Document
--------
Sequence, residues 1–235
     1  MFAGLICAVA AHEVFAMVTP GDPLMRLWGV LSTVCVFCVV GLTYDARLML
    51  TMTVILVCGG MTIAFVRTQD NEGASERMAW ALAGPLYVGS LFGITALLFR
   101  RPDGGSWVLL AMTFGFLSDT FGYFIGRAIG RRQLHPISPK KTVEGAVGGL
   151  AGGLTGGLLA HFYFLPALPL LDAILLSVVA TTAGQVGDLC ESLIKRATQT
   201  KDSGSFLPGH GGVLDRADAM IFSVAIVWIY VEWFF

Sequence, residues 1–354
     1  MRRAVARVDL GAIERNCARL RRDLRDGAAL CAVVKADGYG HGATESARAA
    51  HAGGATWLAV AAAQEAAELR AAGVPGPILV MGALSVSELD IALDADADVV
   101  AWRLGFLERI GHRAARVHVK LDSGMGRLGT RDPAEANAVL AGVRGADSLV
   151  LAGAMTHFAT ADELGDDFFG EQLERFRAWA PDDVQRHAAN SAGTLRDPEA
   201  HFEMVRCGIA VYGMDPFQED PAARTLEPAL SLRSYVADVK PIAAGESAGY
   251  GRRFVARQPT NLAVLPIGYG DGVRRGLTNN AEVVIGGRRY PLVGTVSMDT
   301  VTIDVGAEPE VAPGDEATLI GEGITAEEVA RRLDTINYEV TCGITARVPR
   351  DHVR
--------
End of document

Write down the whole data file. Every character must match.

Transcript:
Sequence, residues 1–235
     1  MFAGLICAVA AHEVFAMVTP GDPLMRLWGV LSTVCVFCVV GLTYDARLML
    51  TMTVILVCGG MTIAFVRTQD NEGASERMAW ALAGPLYVGS LFGITALLFR
   101  RPDGGSWVLL AMTFGFLSDT FGYFIGRAIG RRQLHPISPK KTVEGAVGGL
   151  AGGLTGGLLA HFYFLPALPL LDAILLSVVA TTAGQVGDLC ESLIKRATQT
   201  KDSGSFLPGH GGVLDRADAM IFSVAIVWIY VEWFF

Sequence, residues 1–354
     1  MRRAVARVDL GAIERNCARL RRDLRDGAAL CAVVKADGYG HGATESARAA
    51  HAGGATWLAV AAAQEAAELR AAGVPGPILV MGALSVSELD IALDADADVV
   101  AWRLGFLERI GHRAARVHVK LDSGMGRLGT RDPAEANAVL AGVRGADSLV
   151  LAGAMTHFAT ADELGDDFFG EQLERFRAWA PDDVQRHAAN SAGTLRDPEA
   201  HFEMVRCGIA VYGMDPFQED PAARTLEPAL SLRSYVADVK PIAAGESAGY
   251  GRRFVARQPT NLAVLPIGYG DGVRRGLTNN AEVVIGGRRY PLVGTVSMDT
   301  VTIDVGAEPE VAPGDEATLI GEGITAEEVA RRLDTINYEV TCGITARVPR
   351  DHVR